In general, nontargeted biopsies of the liver or kidney can be performed in older children and teenagers under sedation alone, but most other biopsies should be performed under general anesthesia. This allows the operator to work at an unhurried pace, with careful attention to detail and without patient movement or anxiety. The operator must discuss patient positioning and paralysis with the anesthesiologist before the procedure. Prone positioning should be avoided when possible because it increases the risk and complexity of the anesthetic technique. When it is desirable to be able to suspend respiration for a short time during a biopsy procedure, an intravenous bolus of propofol may be effective, but when prolonged or repeated “breath-holds” are required, it may be better to use neuromuscular blockade with endotracheal intubation and positive pressure ventilation.
Informed consent must be obtained by the operator or by a delegate who is familiar with the benefits and risks of the procedure, its technical aspects, and any relevant alternative options. Acceptable preoperative coagulation parameters differ according to the type of biopsy. In general, superficial soft-tissue lesions in children who are otherwise well can be biopsied without a prior evaluation of the coagulation parameters or platelet count. Before biopsies in the abdominal and thoracic cavities, these parameters should be checked and corrected when necessary. Consideration should be given to maintaining normal levels in the postoperative period if delayed bleeding is considered a risk (e.g., liver biopsy following a bone-marrow transplant).
Procedures should be performed in a familiar US machine in a room where the maintenance of sterile conditions can be ensured. Most pediatric biopsies can be performed with a high-frequency linear array transducer; in some cases—for example, in native kidney biopsies in teenagers—a lower-frequency curvilinear array transducer is required.
Fine needle aspiration cytology has very few advantages in children, and core needle biopsy is almost always preferred. Various needle types are available, but most operators prefer semiautomated cutting needles ( Fig. 18.1 ). These have a tip that is manually extended under US guidance before the needle is fired, trapping a core of tissue in the cutting notch. Variable throw needles have a cutting notch of adjustable length, and these are very useful for small lesions or those that lie very close to the organ capsule or are adjacent to vital structures. The diameter of the needle selected depends on the nature of the biopsy ( Table 18.1 ).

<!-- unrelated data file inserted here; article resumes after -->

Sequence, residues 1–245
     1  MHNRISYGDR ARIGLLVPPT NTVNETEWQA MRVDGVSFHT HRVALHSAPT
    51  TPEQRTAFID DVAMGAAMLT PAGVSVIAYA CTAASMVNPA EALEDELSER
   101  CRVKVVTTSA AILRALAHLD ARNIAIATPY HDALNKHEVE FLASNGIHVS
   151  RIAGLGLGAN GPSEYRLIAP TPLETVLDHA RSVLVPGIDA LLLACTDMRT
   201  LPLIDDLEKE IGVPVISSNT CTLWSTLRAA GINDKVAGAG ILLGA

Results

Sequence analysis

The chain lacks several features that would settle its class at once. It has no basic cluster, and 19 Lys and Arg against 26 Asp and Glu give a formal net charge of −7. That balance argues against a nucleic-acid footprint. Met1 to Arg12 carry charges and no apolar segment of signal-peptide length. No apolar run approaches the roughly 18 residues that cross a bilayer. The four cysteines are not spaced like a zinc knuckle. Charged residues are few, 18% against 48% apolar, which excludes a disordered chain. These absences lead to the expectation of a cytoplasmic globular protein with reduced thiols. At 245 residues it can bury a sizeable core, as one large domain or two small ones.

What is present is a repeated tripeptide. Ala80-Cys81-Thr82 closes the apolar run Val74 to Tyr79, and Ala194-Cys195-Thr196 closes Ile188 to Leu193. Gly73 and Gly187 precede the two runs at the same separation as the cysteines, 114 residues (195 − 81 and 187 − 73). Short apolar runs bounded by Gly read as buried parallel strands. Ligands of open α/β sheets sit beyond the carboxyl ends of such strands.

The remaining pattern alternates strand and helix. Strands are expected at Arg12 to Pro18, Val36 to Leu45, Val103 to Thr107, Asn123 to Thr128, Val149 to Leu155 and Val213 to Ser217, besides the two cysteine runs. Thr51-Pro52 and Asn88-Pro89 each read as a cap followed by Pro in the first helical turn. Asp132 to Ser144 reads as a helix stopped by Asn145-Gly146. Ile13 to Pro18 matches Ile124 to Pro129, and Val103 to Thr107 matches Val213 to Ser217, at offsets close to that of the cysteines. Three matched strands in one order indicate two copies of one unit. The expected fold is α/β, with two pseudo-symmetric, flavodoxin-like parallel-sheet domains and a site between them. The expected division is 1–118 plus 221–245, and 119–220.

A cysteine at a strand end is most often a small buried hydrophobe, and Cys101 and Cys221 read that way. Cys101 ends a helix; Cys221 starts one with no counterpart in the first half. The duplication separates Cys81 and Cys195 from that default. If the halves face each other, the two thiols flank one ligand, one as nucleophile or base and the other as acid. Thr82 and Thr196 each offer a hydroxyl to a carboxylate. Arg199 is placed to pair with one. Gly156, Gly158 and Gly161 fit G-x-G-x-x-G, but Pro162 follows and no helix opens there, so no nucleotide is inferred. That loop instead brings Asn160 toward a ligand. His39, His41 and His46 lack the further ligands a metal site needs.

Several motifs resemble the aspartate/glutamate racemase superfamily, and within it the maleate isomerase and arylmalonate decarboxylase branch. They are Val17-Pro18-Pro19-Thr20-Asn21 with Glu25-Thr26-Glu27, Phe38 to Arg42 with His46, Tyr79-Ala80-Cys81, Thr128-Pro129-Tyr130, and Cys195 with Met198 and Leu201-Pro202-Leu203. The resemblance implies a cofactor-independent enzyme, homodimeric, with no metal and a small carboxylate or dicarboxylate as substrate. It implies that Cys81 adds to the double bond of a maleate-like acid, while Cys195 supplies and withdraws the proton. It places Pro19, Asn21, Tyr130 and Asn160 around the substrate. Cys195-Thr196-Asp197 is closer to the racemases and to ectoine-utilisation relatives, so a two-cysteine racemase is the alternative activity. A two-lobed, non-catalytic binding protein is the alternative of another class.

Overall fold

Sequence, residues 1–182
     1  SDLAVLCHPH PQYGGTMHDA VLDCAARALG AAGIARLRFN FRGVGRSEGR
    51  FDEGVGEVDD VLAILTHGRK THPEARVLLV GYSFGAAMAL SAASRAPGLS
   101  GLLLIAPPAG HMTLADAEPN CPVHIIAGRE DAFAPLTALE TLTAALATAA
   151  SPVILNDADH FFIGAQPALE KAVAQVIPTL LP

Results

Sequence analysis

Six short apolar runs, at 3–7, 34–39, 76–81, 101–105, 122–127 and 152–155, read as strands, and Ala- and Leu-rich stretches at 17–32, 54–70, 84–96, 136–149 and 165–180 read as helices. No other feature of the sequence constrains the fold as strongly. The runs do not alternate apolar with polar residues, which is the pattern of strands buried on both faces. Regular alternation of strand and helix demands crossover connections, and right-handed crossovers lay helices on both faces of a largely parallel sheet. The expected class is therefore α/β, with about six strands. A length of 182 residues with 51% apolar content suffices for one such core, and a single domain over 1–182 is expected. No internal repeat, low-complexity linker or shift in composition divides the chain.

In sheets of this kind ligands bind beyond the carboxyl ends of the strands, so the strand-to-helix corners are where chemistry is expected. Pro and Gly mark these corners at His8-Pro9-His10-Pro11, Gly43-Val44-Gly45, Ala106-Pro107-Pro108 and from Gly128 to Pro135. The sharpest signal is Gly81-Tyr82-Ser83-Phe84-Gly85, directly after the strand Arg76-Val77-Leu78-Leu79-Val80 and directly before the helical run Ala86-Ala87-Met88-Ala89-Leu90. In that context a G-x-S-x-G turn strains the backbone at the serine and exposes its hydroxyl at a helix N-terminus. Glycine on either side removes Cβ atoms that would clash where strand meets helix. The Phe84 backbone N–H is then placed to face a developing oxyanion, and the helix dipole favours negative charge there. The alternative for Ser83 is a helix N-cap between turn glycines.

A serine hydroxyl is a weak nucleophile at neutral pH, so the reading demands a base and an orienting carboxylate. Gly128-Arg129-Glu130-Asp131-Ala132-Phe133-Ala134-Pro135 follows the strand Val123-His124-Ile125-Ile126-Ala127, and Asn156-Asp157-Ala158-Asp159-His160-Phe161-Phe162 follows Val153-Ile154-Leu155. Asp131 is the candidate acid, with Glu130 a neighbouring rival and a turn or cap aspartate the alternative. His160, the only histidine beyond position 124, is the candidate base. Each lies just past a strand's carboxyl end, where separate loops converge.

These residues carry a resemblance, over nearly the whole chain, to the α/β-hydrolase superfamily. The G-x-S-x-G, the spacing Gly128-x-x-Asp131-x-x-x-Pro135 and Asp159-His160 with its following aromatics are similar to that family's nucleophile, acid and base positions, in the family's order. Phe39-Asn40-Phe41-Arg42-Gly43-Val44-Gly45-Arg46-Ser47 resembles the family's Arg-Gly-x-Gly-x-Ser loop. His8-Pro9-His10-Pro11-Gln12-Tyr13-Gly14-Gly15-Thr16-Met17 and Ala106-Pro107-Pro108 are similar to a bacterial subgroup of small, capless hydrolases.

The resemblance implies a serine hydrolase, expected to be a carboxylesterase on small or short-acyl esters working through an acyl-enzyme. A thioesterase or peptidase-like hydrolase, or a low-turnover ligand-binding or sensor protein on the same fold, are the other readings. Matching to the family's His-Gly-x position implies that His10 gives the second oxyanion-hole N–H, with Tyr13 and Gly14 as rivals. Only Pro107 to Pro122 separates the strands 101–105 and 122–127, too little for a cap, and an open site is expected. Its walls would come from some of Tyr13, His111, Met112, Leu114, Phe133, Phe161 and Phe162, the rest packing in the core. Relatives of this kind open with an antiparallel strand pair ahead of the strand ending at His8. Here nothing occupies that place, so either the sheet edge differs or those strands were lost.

Organ or tissue
Nature of biopsy
Nontargeted or focal lesion
Other abdominal organs
Suspected vascular anomaly
Neuroblastoma or benign tumor
Other malignant tumor
Soft tissue component
Confirmation of metastasis from known primary tumor
Identification of causative organism in infection
Primary diagnosis of lymphoma
More than one tissue core will be required in most pediatric biopsies. For this reason, coaxial systems are becoming more popular. In these systems, the outer (access) needle is usually 1 gauge larger than the inner (biopsy) needle. There are three main advantages of using a coaxial technique ( Fig. 18.2 ). First, the capsule of the organ or lesion is breached only once, reducing the risk for complications. Second, an unlimited number of cores can be obtained from different parts of the lesion by angling the outer needle. Third, the biopsy track can be blocked at the end of the procedure—for example, by injecting gelatin sponge (as plugs or a slurry) through the outer needle—in order to reduce the risk for bleeding and tumor seeding, although there is little evidence to support that this is effective. To avoid insufficient sampling, it is important to communicate with the pathologist who will examine the biopsy specimen to determine the minimum number of core samples required. A liver biopsy for staging viral hepatitis may require only one core, whereas a biopsy for suspected neuroblastoma may require 10 to 15 cores. Using a coaxial technique in the latter case is clearly mandatory.
Tips from the Pro
Focal renal or splenic lesions may be easier to visualize with the patient’s breath held in inspiration by the anesthesiologist.
Filling the bladder with fluid may afford better views of the pelvis.
A safe access route to certain lesions—for example, in the adrenal region—may be created by injecting saline to displace adjacent organs.
Challenging US-guided biopsies or drainages may be facilitated by using:
an angiography room with cone beam CT capability;
electromagnetic tracking technology.
Combined US- and cone beam CT-guided procedures may be facilitated by using:
needle guidance software;
image fusion techniques when preprocedural imaging provides information not available with cone beam CT.